The exact cause of trichotillomania is not known. Some researchers think that it may have a genetic basis. Others propose that it is a normal grooming behaviour that has developed into a habit, the function of which may be to reduce tension or stress, to increase concentration or to combat boredom. Some research suggests that people may be more likely to develop trichotillomania if they have perfectionist traits and beliefs which fits with an often reported need to pull out “bad” hairs. It has also been suggested that people with difficulty accepting and/or expressing emotions may be more likely to develop a behavioural strategy like trichotillomania. The onset of trichotillomania can often be linked to a particularly stressful life event such as the death of a relative but this is not always the case.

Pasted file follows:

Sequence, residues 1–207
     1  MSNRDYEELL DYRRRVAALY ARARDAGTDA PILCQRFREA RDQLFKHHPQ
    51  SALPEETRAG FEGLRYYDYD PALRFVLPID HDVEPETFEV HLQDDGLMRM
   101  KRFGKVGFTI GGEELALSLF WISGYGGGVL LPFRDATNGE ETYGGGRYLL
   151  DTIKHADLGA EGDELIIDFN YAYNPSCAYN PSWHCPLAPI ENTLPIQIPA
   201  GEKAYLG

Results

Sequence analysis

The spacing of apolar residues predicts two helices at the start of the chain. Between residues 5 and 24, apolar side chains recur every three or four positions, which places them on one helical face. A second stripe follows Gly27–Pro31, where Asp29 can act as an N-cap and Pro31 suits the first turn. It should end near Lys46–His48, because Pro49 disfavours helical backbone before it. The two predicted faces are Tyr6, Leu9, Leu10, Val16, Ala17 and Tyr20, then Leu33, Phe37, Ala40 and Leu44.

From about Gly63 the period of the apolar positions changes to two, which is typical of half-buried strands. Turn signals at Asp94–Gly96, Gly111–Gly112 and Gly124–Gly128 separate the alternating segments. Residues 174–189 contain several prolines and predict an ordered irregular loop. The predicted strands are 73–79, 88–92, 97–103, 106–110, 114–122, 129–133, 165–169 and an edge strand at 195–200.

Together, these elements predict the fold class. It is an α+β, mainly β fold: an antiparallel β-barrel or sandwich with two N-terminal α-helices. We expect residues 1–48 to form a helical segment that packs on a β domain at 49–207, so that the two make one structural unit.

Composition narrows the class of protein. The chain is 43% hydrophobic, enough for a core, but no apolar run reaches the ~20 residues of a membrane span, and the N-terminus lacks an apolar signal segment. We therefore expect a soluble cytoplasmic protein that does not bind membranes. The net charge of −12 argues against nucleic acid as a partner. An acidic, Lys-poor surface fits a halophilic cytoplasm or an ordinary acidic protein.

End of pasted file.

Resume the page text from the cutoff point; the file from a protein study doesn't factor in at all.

Habit reversal training (HRT) is currently the treatment of choice for trichotillomania and has been found to be more effective than drug treatment, supportive therapy and psychoanalytic therapy. The main components of HRT are self-monitoring, relaxation techniques and practicing a competing response. For the self-monitoring component, clients keep a diary to track their hair pulling episodes, recording details such as when and where they occur and how many hairs were pulled out. This helps build the client’s awareness of their pulling behaviour, and many people are surprised at the patterns that emerge. The diary can also be used to identify what situations trigger episodes of hair pulling so the client can work on eliminating or changing them. Clients are taught relaxation and controlled breathing techniques to practice daily to reduce their general levels of tension and anxiety, and also to use when they experience an urge to pull. Finally, a competing response is developed together with the client. This is a physically incompatible activity to act as a substitute when the desire for hair pulling occurs, such as squeezing the hands into fists and putting them on the hips.